But arguably, companies have always been in control. Canada can be understood as a corporate construct–where land exploration and settlement has largely been dependent upon the activities of industrial interests. Historically, our federal government has ceded its jurisdiction and landscape to private companies (e. g., Hudson’s Bay Company, Canadian Pacific, INCO, Imperial Oil) in exchange for modern infrastructure (e. g., charted rivers, railways, reliable gravel roads, secure pipelines) and urbanization (e. g., forts, towns, ports, elevators, bases). Understanding the wholesale leasing of the oil sands as an extension of this continued exchange, we should begin asking more about the artifacts that these companies will inevitably leave behind. What form will the residual landscape emerging from the excavation and terra-forming of an entire region take? How will infrastructures, associated with the extraction and transport of a finite resource, transition themselves for a post-oil economy? What forms of urbanization will the industrialization of the oil sands region generate?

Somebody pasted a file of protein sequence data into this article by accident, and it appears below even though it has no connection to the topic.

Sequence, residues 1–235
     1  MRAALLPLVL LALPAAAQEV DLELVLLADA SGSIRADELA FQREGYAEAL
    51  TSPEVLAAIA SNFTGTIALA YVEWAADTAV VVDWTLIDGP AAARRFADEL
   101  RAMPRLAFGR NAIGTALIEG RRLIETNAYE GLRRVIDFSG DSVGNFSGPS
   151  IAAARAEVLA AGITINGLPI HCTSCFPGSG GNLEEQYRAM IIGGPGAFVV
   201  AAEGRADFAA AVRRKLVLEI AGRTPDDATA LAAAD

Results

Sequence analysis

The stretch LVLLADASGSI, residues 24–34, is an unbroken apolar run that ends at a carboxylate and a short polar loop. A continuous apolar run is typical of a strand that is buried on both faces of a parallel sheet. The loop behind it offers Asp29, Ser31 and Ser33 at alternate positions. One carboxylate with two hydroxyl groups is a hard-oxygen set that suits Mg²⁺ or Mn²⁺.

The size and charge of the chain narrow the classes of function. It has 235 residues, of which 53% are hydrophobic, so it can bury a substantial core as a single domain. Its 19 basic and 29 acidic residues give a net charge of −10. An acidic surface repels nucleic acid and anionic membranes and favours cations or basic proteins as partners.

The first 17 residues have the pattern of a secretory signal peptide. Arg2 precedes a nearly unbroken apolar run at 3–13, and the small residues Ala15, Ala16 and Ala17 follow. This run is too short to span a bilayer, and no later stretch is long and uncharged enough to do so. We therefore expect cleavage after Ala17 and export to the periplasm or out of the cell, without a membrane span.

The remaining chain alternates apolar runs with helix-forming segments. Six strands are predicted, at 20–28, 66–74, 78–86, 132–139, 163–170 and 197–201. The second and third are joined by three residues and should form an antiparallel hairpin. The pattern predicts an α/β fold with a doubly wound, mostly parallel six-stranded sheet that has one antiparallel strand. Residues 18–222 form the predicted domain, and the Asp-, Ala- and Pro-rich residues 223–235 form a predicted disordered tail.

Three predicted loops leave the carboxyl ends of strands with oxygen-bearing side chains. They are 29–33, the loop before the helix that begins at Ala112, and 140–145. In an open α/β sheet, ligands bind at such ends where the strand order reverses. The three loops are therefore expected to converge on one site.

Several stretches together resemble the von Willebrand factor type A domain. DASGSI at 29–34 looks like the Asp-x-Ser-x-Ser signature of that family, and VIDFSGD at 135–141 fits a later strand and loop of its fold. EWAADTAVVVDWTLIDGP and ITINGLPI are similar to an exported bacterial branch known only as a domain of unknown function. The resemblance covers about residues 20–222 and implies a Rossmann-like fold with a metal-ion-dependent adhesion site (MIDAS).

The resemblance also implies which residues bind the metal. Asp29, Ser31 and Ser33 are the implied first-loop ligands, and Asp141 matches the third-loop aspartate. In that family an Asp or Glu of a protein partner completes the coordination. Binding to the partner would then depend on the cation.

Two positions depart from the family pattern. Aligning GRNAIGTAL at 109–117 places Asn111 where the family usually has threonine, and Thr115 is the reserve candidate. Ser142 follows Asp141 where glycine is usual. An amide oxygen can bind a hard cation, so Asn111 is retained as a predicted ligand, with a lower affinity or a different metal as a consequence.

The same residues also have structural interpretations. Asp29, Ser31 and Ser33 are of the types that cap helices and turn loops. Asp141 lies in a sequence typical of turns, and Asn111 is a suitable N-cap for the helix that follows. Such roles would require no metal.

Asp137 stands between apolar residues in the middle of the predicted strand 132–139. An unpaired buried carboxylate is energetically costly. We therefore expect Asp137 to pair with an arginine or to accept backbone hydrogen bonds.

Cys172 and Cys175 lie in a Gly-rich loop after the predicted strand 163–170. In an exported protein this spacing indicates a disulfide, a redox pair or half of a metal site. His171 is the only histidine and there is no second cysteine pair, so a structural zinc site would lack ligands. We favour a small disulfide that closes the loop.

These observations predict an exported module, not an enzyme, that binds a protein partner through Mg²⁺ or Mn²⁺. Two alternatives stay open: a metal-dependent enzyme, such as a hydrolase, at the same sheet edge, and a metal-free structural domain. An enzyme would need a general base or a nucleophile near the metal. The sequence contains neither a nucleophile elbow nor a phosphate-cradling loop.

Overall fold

To begin addressing these questions, it is necessary to understand the operational activities of the industrial process itself. Oil sands companies have developed an orchestrated process of activities on their landscape based on emerging hydrological, logistical, technological and legal parameters. Initially, while constructing the massive upgrading facilities required to separate bitumen from sand, the primarily forested land is gridded off; its land deforested and cleared; its soil drenched, drained and dried; and its roughly 10-metre-thick layer of overburden is removed and stockpiled before any mining can occur. Simultaneously, massive holding and tailings pond embankments are located adjacent to the future mines to provide the necessary fluid to lubricate the transportation of the crushed sand, which will then have steam pumped into it to separate the oil. Any unfortunate byproducts of the process will be stored in these ponds indefinitely. It is important to understand that all of the leaseable land can be mined and any particular parcel of land will eventually morph from a holding pond to an 80-